Is there any point in trying to turn out ethical business school graduates? Writing in the FT, Mary Gentile, a former Harvard Business School teacher, concluded that there wasn’t. Indeed, she said, after years of working in the field: “I began to wonder if it was even ethical to try to teach the subject.”

The problem was two-fold. First, the students who took the ethical position in class risked appearing unsophisticated. Those who argued against them seemed smart and worldly-wise.

Second, the ethical problems discussed pitted right against right – students had to choose between two options, neither of them illegal or entirely immoral. She feared this encouraged students to question whether ethical behaviour was possible in the first place.

Her article is part of an anguished debate about whether business school teaching was responsible for the recent financial crisis. This worry is not new. The Enron-era scandals, in which MBA graduates featured prominently, prompted similar anxieties.

There are two obstacles to teaching ethics. The first is that there is no consensus on what business’s purpose is, or what an ethical company should look like. Is business’s role to make society better or to make shareholders richer (and thereby, perhaps, society better)?

The unsettled nature of the question is reflected among business school students. We can see this in last year’s initiative by some Harvard students to create an MBA oath. In its original form, the oath, as well as promising to “act with utmost integrity” and “develop both myself and other managers”, said: “I will safeguard the interests of my shareholders, co-workers, customers and the society in which we operate.”

A year on, the oath has more than 4,000 signatories from 300 business schools around the world but the wording has changed. The part about co-workers and society has gone. I e-mailed the MBA Oath website to ask why. The language had “evolved”, they said. Perhaps the original phrasing would come back. They did not seem sure.

So students seem divided. The faculty probably is too. But I suspect more of the teachers are in the business-for-society camp and more of the students in the business-for-shareholders one. This is not a finding I could submit to a peer-reviewed journal, just an impression gleaned from more than two decades of contact with business schools. The students, on the whole, seem harder-edged than the teachers. Many of them are doing an MBA because they want a swift route into senior management. But plenty are doing it because they want to make money. Given the debts they take on to do their courses, they will need the cash. Many head for investment banking or management consulting.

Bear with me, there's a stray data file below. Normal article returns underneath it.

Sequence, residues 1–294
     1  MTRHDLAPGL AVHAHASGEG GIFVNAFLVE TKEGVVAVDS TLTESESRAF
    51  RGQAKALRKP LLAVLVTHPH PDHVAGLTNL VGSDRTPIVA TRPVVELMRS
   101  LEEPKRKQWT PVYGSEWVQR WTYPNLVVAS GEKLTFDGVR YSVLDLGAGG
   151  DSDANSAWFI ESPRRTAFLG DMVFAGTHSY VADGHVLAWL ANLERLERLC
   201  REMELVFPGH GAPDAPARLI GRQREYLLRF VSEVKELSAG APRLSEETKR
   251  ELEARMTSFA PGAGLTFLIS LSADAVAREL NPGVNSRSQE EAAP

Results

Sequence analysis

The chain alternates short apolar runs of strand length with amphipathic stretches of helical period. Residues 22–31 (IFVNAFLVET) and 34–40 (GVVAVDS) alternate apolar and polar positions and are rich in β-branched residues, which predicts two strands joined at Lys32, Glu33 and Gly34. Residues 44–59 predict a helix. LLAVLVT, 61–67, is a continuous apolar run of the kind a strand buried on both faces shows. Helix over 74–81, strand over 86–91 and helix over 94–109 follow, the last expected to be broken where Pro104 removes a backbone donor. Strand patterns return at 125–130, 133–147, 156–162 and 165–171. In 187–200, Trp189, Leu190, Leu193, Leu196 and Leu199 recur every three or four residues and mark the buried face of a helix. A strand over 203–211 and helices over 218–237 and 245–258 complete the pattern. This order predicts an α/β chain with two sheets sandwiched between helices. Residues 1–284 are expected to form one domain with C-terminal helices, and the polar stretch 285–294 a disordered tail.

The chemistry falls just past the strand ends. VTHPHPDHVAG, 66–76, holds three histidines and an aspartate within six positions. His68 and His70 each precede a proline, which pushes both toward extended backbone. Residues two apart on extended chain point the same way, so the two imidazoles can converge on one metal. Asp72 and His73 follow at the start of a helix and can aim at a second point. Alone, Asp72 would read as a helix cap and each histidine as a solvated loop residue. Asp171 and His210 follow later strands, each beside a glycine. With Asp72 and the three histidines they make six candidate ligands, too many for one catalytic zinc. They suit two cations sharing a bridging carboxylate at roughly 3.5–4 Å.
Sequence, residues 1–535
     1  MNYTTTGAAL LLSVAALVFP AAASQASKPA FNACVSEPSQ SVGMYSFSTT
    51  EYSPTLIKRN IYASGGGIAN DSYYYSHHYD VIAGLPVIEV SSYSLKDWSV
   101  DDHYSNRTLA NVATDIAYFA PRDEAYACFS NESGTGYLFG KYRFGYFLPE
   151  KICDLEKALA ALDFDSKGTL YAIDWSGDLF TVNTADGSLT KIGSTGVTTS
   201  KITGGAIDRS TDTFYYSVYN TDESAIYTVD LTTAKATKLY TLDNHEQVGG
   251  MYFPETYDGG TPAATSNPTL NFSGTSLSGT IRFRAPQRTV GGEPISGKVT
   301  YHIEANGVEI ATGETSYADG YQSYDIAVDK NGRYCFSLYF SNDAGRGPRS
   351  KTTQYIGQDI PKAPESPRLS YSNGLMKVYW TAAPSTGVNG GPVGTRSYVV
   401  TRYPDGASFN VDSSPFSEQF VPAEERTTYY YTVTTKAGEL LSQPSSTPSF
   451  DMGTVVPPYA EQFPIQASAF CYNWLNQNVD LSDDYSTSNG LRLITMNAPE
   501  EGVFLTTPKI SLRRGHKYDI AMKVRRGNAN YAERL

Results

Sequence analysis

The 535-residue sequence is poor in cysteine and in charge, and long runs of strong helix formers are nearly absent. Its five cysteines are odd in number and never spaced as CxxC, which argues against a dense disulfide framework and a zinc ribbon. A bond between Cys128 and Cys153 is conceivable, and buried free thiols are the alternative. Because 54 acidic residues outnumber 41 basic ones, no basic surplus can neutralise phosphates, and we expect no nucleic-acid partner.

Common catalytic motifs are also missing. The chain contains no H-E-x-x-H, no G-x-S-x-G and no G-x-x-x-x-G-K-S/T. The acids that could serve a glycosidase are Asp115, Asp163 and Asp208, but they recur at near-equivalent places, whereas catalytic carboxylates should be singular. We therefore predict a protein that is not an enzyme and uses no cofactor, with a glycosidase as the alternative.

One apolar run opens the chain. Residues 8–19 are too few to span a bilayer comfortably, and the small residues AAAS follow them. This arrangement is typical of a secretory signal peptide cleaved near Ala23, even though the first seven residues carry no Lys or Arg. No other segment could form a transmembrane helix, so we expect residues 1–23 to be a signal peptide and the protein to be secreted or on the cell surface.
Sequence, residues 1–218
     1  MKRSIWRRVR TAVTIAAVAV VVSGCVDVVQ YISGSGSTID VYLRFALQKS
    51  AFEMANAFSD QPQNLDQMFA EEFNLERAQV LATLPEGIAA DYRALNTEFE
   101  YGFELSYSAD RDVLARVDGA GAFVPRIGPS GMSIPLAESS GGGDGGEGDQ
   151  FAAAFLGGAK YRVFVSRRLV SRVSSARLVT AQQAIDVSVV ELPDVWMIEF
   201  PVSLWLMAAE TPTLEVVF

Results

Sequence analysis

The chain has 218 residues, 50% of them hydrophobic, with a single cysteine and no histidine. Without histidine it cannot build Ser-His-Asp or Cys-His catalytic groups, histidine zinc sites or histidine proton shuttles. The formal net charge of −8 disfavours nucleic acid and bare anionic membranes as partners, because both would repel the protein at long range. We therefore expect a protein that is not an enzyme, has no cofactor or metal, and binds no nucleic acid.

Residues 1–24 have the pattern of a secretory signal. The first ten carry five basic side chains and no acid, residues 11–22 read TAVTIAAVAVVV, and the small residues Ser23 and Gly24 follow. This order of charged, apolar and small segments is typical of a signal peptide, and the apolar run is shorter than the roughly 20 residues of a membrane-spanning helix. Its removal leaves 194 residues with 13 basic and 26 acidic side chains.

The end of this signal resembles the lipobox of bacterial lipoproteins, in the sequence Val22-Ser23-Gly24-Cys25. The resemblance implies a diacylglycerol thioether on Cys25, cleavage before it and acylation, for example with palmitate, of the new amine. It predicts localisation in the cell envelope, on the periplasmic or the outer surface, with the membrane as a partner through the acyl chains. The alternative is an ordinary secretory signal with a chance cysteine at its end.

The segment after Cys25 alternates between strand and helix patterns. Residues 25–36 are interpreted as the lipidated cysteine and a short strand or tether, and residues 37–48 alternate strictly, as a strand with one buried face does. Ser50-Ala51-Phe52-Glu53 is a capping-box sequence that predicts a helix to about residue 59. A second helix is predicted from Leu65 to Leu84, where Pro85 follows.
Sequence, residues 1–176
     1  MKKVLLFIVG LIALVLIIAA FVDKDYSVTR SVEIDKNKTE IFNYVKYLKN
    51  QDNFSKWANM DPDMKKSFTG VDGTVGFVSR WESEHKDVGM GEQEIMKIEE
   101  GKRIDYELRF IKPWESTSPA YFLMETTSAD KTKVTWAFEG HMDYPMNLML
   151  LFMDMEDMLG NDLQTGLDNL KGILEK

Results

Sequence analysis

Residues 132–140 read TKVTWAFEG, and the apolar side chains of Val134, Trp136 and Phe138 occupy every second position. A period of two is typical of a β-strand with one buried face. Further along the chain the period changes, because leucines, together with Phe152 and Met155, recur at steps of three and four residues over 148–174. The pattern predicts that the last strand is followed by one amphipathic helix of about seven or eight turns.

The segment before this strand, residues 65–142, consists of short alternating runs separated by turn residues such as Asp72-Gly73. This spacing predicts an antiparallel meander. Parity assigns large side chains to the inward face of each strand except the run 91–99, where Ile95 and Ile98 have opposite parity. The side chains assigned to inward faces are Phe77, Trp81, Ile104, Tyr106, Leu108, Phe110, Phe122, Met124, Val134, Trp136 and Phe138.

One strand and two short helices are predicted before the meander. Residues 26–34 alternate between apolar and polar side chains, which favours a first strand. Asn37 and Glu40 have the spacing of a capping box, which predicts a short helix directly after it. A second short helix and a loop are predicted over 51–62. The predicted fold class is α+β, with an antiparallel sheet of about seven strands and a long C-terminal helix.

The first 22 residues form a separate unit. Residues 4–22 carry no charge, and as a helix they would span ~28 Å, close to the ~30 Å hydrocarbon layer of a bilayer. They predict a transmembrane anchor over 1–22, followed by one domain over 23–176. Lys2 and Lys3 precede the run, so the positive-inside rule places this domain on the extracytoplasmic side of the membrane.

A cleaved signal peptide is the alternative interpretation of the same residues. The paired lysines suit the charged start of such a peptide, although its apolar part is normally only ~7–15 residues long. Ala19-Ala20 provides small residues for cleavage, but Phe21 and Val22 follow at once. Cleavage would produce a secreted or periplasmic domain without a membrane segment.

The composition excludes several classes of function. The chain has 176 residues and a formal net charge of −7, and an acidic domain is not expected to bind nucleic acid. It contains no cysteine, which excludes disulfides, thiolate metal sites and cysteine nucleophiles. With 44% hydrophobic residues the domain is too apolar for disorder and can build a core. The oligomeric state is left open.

The faculty often does consulting too. A favoured few write books that make them rich. But most of the teachers are more concerned with journals, conferences and tenure. It is tough teaching ethics to people whose outlook is at odds with yours.

The second obstacle is that it is never easy transferring classroom learning to real life. Ms Gentile wrote: “Just think what might have happened at BP if individuals there not only knew what the right thing to do was …but also knew how to do so effectively.”

It is desperately hard to speak up in any organisation. Few whistleblowers are thanked for their trouble. This is why, in spite of the apparent uncertainties of its founders, the MBA Oath is a constructive approach. It could help to create a community of managers who could turn to each other for aid and support in solving their ethical dilemmas. It is also, of course, a self-selecting group. Those who don’t care won’t sign.

What can be done about them? It is too much to expect business schools to inculcate ethical thoughtfulness in those who failed to acquire it at home. Perhaps schools should concentrate instead on getting their students to think about the consequences of misbehaviour.

Some schools invite reformed business fraudsters to speak. Jim Ridler, who teaches ethics at the Queen’s School of Business in Kingston, Ontario, does not like this approach: he argues that paying convicted criminals to enjoy time in the limelight does not convey the right message. Instead, he takes students to the local prisons. These jail visits have their hazards, he says: you have to make sure you leave with the same number of students you arrived with. But he believes the experience is sobering.

Business schools could perhaps come up with other ways of driving home the consequences of bad behaviour. Students could take turns being handcuffed and marched out of the classroom in front of their colleagues. The ensuing discussion might be a little more urgent.

michael.skapinker@ft.com

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